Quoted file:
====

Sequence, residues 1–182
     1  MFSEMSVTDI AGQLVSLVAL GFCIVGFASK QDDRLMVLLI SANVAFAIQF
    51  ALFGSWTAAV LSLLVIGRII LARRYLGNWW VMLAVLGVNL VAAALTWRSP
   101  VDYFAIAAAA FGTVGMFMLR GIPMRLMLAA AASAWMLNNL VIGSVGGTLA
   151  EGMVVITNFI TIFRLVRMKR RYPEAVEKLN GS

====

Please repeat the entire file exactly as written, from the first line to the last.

Sequence, residues 1–182
     1  MFSEMSVTDI AGQLVSLVAL GFCIVGFASK QDDRLMVLLI SANVAFAIQF
    51  ALFGSWTAAV LSLLVIGRII LARRYLGNWW VMLAVLGVNL VAAALTWRSP
   101  VDYFAIAAAA FGTVGMFMLR GIPMRLMLAA AASAWMLNNL VIGSVGGTLA
   151  EGMVVITNFI TIFRLVRMKR RYPEAVEKLN GS